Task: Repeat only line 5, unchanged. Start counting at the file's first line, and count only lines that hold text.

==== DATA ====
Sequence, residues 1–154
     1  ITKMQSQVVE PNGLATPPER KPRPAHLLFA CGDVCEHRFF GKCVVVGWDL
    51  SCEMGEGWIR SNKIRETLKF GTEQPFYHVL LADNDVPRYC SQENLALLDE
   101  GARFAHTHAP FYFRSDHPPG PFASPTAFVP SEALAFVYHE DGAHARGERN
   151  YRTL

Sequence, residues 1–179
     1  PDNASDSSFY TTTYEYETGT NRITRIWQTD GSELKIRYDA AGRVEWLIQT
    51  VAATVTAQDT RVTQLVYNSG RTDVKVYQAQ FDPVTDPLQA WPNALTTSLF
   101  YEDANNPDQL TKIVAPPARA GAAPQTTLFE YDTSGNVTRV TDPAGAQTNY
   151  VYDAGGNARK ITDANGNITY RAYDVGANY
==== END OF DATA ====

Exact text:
   151  YRTL